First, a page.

Body image. It matters more than you would imagine.

Body image can influence our overall quality of life and affect how we interact with the world. But can we really control how we see ourselves or is it a choice out of our hands? Though our body image is often influenced by our environment and many external factors, we can change our perception.

What is it

Everyone’s body image is different to both themselves and others. According to Psychology Today, “body image is the mental representation an individual creates of themselves.” Although you create it, the product you come up with could’ve been influenced.

Potential influences could come from your family, friends, early experiences, emotions, mood, the media, and others.

The National Eating Disorders Association says body image encompasses what you believe about your own appearance, how you feel about your body, and how you sense and control your body as you move. We can unknowingly internalize messages throughout life which either leads to positive or negative body image.

Why it matters

It can be psychologically damaging if your body image remains negative for long enough. There are disorders associated with negative body image such as dysmorphic disorder and eating disorders. People with the dysmorphic disorder can obsess over slight imperfections that others may not even notice.

Body image can affect all aspects of a person’s life especially their emotional and mental wellbeing. Poor body image could negatively affect someone’s relationships, social interaction, or work performance.

As humans, we tend to focus on our imperfections (which is ironic because being human is all about making mistakes and being imperfect). People often use the phrase “it’s ok, you’re human” or some variation of that. If it’s okay to be imperfect, just why do we fret over small flaws that don’t impose any problems to our lives?

Well, we could obsess over any dissatisfaction not because it matters to others’ but because it matters to us. But why does what we might look like matter so much to us? Caring about how we look isn’t a bad thing, but when it gets to the point of dragging us down and worsening our quality of life we may need to reevaluate things.

Our habits can also influence how we might see ourselves. Do you often observe others or compare yourself to them? Actions like these can encourage us to have negative thoughts about ourselves. More often than not, the criticisms we make about ourselves are often not really true. Nevertheless, it becomes your reality — a reality where you’re in a seemingly never-ending cycle of negativity, dissatisfaction, and pity.

The good news is, if you do have poor body image, you can end the cycle.


Reassessing things is definitely easier said than done. You first have to realize that a change needs to be made, and attitude changes are among the toughest. However, it is a necessary step in order to make a plan.

There is no “quick fix” for changing something like body image though. Still, there are general things you can try to help you start improving your body image.

One possible method is to shift your perspective. Reflecting on what your body does for you is one way you can do this. Just list out small things: my body gets me to work, allows me to enjoy food, etc. This can shift your perspective in a way where you may begin to feel gratitude for your body.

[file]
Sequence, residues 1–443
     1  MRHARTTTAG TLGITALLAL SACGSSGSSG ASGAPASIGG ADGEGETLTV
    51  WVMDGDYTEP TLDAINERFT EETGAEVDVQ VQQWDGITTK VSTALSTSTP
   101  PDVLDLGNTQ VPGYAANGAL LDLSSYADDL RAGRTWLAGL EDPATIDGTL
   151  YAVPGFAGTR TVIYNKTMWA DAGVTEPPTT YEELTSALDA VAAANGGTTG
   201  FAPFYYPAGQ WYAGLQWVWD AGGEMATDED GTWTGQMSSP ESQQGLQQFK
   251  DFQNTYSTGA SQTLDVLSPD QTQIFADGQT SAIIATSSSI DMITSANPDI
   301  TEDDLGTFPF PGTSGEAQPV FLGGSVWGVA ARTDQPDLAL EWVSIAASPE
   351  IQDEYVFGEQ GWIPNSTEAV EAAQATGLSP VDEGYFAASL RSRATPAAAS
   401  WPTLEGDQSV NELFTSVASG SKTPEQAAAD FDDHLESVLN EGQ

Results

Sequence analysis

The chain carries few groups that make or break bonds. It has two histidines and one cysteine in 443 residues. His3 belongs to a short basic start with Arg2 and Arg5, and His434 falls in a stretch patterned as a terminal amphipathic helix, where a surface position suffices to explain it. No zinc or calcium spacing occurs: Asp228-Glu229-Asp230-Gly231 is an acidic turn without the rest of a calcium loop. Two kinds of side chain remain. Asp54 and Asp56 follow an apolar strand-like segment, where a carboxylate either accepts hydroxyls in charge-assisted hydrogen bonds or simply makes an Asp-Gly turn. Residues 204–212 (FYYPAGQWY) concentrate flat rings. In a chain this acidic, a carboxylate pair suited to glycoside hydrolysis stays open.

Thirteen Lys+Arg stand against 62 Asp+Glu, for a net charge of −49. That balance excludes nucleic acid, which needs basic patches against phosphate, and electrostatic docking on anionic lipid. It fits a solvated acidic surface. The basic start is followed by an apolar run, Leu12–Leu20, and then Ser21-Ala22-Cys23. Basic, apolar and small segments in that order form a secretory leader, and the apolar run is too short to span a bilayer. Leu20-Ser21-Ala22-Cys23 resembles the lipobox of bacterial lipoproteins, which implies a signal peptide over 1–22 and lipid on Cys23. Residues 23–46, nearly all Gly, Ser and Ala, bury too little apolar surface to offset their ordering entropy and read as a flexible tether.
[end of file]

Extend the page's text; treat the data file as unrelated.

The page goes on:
Another method is to avoid triggers. Certain things might set off negative thoughts. I know I try to avoid mirrors and pictures. Psychology Today suggests curbing the use of social media. Social media can be a constant reminder to value looks.

“No one deserves to go through life hating the place where they live — their body,” they say. “Body image should not hinge on whether a person looks like a runway model. It’s possible for a person to have a better view of their body no matter what it looks like.”

You can also try and achieve a healthy body image by figuring out what the source of your negative criticism is. If it is due to your weight for instance you can try and eat healthier or exercise more often. All these changes would take time of course, habits are just as hard to make as they are to break. However, it is not completely necessary to try and lose weight if that’s where your issues lie. claims it is healthy and more practical to work towards acceptance. Ways you can do this include:

  • Acknowledging parts of the body you like too
  • Decreasing the amount you check your body for flaws
  • Taking advantage of resources to support you (self-help materials, professionals, peers)

The Bottom Line

Maintaining a positive and healthy body image is important in preventing various mental health conditions. We can often be our own worst critic. And we are often too harsh when it comes to judging our own self-worth. At least, I know I can be.

I myself have struggled with poor body image and low self-esteem most of my life and it really takes a toll on many other aspects of my life. I know I am only really making things harder for myself, but it is a battle I am still fighting — and you can too. There are numerous ways to start improving the way you see yourself and perceive your body. So take advantage of all the resources out there in order to receive extra help. Just know it’s worth it and you are not alone.



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